essential. Here are some suggestions for you to gain better comprehension and apply in your real work. a.First, use target-oriented phrases on the lexical level. Just make clear what the author really wants to express, ,then re-express it with the appropriate phrase. Don’t try to make translation word for word. 1 Ensure each of the terms in original language gets translated consistently into the appropriate term in the target language. The translation managert should create a terminology bank for the translators all assigned for a certain

Three Elements to Produce a Good Translation Work Due to the highly developing global economy and the modern communication technologies, a mass of translation companies emerges in the translation industry,. How can a company take a steady position in this arena? It is the translation quality that makes success.. Because translation is a complicated crosscultural communicative activity, a translation which is faithful, expressive and close to the original text is

translation project. 2 Use a very commonly used word to make the fundamental meaning which agrees with the original word perfectly. 3 If you use acronyms, be sure to also spell them out. 4 According to the context and writing style, permit a certain term’s changes whether it is complicated or not in form. b.Second, use proper devices on the stylistic level 1 Use rhetoric devices designated to impress target readers to respond, including

hyperbole, simile, metaphor, personification, pun, alliteration analogy and so on.

Fundamentally, being faithful to the original and using expressive phrases make

2 Use active voice, which is easier to understand. If the material is being

the target text easy to understand. Except the most important three elements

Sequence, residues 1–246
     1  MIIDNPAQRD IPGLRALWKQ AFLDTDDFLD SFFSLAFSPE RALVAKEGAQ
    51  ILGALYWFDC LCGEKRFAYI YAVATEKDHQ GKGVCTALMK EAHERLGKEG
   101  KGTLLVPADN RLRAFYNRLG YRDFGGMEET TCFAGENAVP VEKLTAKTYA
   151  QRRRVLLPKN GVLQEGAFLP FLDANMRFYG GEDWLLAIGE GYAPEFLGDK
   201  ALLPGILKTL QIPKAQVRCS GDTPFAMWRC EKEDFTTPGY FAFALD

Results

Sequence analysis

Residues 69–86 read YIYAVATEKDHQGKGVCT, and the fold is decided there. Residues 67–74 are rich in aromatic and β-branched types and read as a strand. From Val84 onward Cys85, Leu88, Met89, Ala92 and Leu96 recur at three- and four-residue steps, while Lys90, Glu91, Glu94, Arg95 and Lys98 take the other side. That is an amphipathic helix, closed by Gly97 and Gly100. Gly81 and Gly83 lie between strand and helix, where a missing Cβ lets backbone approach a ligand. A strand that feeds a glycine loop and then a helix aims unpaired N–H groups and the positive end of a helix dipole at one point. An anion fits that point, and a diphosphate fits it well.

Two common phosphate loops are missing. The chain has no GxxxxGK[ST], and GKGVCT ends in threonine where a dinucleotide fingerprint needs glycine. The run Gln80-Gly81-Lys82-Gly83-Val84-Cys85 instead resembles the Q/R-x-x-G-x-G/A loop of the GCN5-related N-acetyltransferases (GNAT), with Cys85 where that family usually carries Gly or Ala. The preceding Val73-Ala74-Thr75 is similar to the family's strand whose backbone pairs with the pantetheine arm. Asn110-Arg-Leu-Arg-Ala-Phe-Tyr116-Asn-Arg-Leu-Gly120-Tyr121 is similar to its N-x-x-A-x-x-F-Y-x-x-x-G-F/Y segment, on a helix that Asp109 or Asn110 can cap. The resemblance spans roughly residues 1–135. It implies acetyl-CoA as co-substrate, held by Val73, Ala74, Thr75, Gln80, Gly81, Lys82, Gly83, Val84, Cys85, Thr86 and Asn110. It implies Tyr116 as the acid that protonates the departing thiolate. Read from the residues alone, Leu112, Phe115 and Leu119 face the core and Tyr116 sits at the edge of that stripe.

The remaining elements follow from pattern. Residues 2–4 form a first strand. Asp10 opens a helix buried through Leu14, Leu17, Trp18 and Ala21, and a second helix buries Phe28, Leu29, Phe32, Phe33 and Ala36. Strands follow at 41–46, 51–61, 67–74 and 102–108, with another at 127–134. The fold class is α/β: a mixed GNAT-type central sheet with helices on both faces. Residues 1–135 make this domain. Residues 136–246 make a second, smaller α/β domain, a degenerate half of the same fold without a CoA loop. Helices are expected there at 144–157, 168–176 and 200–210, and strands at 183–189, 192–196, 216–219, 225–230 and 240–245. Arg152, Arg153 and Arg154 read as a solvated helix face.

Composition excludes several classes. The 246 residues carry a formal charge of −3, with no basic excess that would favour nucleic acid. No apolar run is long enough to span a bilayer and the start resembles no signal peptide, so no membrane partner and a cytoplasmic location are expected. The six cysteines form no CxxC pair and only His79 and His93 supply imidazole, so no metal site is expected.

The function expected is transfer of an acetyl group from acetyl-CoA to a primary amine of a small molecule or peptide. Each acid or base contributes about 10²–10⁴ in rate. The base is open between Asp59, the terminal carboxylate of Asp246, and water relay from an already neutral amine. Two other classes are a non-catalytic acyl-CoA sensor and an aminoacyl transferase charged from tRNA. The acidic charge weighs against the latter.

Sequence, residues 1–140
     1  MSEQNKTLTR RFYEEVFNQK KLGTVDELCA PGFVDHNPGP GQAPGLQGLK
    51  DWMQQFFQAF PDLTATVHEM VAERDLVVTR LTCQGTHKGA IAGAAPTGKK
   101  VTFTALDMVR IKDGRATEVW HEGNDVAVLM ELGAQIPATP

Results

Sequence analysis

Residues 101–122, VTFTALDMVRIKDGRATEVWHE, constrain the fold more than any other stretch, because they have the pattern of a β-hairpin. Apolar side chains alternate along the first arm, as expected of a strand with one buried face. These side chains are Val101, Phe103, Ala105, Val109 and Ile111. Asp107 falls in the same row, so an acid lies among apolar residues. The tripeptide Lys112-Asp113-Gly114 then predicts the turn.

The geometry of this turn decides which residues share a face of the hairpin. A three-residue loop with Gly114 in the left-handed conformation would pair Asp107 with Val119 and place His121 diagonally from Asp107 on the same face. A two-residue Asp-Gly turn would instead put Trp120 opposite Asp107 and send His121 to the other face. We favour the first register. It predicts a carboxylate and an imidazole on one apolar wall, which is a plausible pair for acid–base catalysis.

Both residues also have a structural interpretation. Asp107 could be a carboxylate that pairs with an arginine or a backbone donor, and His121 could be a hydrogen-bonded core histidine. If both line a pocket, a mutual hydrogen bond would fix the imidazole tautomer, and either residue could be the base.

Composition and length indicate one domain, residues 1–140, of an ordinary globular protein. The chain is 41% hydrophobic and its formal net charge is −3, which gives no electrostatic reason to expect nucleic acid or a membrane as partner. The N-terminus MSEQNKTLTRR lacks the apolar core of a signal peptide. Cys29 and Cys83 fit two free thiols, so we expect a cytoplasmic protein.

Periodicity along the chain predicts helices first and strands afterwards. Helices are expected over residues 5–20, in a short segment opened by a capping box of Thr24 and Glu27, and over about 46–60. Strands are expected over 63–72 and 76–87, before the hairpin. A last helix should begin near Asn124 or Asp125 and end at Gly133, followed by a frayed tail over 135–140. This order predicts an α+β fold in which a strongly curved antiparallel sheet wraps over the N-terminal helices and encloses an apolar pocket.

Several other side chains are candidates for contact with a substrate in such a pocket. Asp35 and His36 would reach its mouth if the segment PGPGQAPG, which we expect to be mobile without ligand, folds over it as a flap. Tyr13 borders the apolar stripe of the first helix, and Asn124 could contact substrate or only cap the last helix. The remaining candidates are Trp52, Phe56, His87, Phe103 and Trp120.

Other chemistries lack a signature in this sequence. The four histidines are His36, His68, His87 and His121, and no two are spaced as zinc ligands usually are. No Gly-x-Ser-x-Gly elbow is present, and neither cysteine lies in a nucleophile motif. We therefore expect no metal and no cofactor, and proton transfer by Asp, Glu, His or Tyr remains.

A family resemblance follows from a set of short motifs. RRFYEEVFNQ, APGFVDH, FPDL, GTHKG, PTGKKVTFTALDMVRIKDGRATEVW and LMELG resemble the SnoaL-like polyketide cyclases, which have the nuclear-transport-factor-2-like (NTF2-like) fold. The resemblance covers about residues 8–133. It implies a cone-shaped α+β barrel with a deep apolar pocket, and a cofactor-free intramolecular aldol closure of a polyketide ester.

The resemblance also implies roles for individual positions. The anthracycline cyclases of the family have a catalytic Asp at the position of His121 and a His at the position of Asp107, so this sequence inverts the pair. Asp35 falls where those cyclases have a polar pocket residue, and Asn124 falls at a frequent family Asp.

translated into a language which frequently uses passive voice, such as German,

mentioned above you should apply to. Taking into consideration of the content and

the translator will make the accommodation for that language.

structure of the source text as well as acceptability of the target text, is

3 Be of conciseness and consideration... Grasp the soul of text thoroughly and

another technique translators can’t miss. .


It is well known that translation is an art job, It can reproduce fine ideas by

4 Be of unity and variety. Unity refers to a kind of decoration of wisdom’s

words. Therefore, the art of translation is a combination of knowledge of contents

custom and language, whereas variety refers to a kind of deviation to unity and

and linguistic principles in both target and source languages. And, through this

break away from custom. Unity is a general rule to be obeyed for all text in one

article, we put forward faithfulness, expressiveness and closeness as basic

article, It is on the base of unity that the target word can vary. For example, we

principles which a quality translation service need to obey.

try to avoid writing essentially the same thing in different places. If you need to repeat information, it is better to repeat it verbatim. c.Third, be faithful to the original text. 1 Avoid ambiguity. A translator needs to understand precisely what the author wants to express in order to translate them correctly. If it is ambiguous, the translator will need to have it clarified. 2 Make sure there are no defects in the source materials, Any error in the source material is compounded when translated into multiple languages.

4.What are the theories of translation? History of Western theory Discussions of the theory and practice of translation reach back into antiquity and show remarkable continuities. The distinction that had been drawn by the ancient Greeks between metaphrase ("literal" translation) and paraphrase was adopted by the English poet and translator John Dryden (1631– 1700), who represented translation as the judicious blending of these two modes of phrasing when selecting, in the target language, "counterparts", orequivalents, for the expressions used in the source language: When [words] appear... literally graceful, it were an injury to the author that they should be changed. But since... what is beautiful in one [language] is often barbarous, nay sometimes